The Causeway, which officially opened in June 1924, connects Singapore and Malaysia not only by road, but by rail, too. It also houses communication lines and conduits, the latter channelling raw water to Singapore and piping treated water back to Malaysia.
Built at a cost of 17 million Straits dollars and taking five years to construct, the Causeway was a costly piece of infrastructure, considering the fact that the total annual expenditure at the time for the Crown Colony of Singapore was estimated to be 28 million Straits dollars.
Before the Causeway was commissioned, the only way to travel across the Strait of Johor separating Singapore and West Malaysia was by ferry. Passenger ferries could accommodate only 160 people on each trip, while goods ferries could take only six wagons (the kind hitched to trains) per trip.
The ferry system worked well enough in the early 1900s but, as trade increased from 1910 onwards, its limitations became obvious. In 1911, about 11,500 goods vehicles utilised the ferries but, by 1917, this figure had almost quintupled to 54,000. Clearly, a better transport solution was needed.
A viaduct was initially proposed but, due to its higher cost and technical difficulties (the varying depth of the Johor Strait being a particular challenge), it was decided that a causeway would be more cost-effective. Construction of the Causeway began in 1919 with the laying of the foundation, which consisted of rubble sourced from quarries in Pulau Ubin and Bukit Timah.
When the Causeway was completed five years later, it featured two sets of railway track placed on an expanse 18.3m in width, and a two-lane carriageway that was 7.9m wide and 1.05km long. During the opening ceremony, the first vehicles to be driven across were, apparently, borrowed from local dealers Cycle & Carriage, Borneo Motors, Malayan Motors and Abrams.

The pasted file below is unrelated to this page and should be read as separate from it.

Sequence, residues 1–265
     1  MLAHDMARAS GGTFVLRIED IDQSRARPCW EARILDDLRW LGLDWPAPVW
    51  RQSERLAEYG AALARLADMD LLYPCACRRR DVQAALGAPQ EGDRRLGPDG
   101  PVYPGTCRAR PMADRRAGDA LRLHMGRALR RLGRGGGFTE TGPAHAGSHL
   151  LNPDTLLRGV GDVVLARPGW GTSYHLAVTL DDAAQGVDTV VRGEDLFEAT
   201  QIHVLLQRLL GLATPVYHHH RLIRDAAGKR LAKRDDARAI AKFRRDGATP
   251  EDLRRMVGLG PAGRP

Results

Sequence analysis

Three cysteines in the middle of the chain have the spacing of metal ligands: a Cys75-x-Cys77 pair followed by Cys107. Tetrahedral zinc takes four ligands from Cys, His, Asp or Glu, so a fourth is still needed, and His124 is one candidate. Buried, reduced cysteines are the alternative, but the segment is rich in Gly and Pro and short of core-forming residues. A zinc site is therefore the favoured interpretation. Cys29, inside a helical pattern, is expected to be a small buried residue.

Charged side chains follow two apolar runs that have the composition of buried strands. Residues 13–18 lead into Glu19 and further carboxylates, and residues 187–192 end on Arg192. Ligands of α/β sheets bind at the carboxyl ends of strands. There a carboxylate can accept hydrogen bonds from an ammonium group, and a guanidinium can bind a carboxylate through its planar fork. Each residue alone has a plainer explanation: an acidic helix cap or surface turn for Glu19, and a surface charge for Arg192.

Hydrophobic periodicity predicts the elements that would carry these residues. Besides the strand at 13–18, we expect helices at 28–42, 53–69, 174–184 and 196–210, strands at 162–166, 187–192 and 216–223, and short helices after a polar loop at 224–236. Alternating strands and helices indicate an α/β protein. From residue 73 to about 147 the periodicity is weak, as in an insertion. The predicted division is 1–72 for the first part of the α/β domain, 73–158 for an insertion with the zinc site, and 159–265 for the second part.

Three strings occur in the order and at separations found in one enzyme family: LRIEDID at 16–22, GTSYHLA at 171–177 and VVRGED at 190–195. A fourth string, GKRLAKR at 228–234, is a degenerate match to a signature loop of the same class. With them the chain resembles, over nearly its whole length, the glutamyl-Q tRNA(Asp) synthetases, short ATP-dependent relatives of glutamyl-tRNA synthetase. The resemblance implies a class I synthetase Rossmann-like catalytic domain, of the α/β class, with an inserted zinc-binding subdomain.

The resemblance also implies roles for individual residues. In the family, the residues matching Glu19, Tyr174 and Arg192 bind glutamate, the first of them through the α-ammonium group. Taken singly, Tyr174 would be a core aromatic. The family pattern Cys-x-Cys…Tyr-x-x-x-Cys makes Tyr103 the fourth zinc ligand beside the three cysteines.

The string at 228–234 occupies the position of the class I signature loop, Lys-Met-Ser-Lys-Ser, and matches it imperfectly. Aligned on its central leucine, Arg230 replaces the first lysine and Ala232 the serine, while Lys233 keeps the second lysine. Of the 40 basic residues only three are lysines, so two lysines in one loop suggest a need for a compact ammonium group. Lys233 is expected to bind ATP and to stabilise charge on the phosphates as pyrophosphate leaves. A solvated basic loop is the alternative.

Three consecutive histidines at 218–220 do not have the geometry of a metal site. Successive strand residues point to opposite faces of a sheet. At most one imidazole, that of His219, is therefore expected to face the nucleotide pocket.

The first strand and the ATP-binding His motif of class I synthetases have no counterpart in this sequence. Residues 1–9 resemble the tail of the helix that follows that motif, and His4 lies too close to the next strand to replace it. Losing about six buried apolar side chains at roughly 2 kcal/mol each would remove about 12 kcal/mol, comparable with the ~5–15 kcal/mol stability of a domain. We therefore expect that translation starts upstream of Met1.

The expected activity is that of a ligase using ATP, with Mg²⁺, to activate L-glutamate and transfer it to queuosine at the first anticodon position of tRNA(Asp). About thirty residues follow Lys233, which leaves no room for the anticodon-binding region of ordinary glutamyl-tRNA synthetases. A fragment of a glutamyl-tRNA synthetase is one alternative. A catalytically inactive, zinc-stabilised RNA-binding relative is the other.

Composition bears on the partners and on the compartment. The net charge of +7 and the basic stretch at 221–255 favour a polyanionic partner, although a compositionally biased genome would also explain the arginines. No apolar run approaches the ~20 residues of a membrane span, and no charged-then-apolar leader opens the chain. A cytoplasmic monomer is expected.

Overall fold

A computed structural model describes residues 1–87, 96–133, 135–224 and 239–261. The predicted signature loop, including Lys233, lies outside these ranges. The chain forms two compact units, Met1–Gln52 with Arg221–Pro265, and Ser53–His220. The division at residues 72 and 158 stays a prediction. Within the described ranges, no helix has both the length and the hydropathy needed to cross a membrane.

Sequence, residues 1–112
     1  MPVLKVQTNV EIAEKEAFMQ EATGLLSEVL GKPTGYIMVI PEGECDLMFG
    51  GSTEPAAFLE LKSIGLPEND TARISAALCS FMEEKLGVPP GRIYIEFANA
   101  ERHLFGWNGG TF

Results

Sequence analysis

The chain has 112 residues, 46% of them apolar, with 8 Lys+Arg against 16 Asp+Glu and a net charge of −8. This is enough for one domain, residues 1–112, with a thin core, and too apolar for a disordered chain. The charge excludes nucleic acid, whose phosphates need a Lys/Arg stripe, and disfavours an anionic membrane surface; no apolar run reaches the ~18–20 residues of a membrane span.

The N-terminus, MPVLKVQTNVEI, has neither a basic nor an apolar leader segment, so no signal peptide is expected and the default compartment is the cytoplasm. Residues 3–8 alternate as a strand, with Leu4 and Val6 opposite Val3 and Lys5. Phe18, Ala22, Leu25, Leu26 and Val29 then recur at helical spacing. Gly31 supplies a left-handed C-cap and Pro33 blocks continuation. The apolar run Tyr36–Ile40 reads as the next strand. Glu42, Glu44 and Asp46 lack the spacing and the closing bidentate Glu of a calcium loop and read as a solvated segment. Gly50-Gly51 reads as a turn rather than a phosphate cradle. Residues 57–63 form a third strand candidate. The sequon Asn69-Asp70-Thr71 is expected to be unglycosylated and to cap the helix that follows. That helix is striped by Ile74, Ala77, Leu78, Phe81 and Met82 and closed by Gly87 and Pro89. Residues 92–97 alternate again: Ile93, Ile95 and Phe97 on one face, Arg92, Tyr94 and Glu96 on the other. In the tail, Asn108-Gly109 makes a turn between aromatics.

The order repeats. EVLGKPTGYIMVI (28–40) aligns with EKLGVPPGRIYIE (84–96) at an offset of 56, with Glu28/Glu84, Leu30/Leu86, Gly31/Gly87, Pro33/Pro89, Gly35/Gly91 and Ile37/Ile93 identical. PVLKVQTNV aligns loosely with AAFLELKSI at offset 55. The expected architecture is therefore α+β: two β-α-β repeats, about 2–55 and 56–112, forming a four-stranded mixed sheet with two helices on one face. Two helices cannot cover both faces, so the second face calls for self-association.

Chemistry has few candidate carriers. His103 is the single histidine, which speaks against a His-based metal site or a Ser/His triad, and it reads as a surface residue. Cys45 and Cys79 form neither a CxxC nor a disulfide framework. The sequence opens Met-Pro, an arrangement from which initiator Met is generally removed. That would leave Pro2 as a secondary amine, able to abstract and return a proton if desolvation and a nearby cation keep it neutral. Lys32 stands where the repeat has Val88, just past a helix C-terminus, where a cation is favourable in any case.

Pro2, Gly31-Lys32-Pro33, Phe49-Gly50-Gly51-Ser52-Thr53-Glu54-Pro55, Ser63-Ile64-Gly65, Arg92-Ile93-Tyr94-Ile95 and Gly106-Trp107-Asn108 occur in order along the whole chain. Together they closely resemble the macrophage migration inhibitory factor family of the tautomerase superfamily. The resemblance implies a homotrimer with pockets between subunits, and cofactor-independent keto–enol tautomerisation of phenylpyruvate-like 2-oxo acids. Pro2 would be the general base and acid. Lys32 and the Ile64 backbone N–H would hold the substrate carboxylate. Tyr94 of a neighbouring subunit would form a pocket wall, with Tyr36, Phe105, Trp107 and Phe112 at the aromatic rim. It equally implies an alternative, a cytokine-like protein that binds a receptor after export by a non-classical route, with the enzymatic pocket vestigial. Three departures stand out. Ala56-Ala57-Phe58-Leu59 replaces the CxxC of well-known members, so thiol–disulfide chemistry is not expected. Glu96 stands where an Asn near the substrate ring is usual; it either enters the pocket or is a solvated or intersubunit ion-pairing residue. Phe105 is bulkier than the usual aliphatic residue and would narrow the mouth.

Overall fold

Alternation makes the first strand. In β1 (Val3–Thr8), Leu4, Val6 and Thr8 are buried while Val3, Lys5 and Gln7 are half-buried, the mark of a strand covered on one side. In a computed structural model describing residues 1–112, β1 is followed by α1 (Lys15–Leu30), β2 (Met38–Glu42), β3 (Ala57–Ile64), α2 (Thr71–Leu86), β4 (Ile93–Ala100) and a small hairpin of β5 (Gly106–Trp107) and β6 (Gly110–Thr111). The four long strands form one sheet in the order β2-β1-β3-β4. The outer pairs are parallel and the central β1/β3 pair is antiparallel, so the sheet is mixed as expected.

What the Causeway’s creators didn’t foresee, however, was that commuting via passenger vehicles would eventually become more popular than taking cross-border train rides. As car and motorbike ownership spiked significantly on both sides of the Causeway, it wasn’t long before congestion at the Causeway became a regular occurrence – especially during festive periods such as Chinese New Year and before/after a long weekend break.
To cope with the rising number of motorists, the Causeway has been widened over the years and it now features six lanes (three in each direction) for vehicles. Singapore and Malaysia have also enhanced their Customs and immigration checkpoints in Woodlands and Johor Baru respectively, to ensure speedier clearance for travellers.
For over 70 years, the Causeway was the only land connection between Singapore and Malaysia, until the Second Link in Tuas became operational in January 1998. But to most Singaporeans and Malaysians, the Causeway continues to be more than just an important “first link” – it also symbolises the enduring ties between both nations.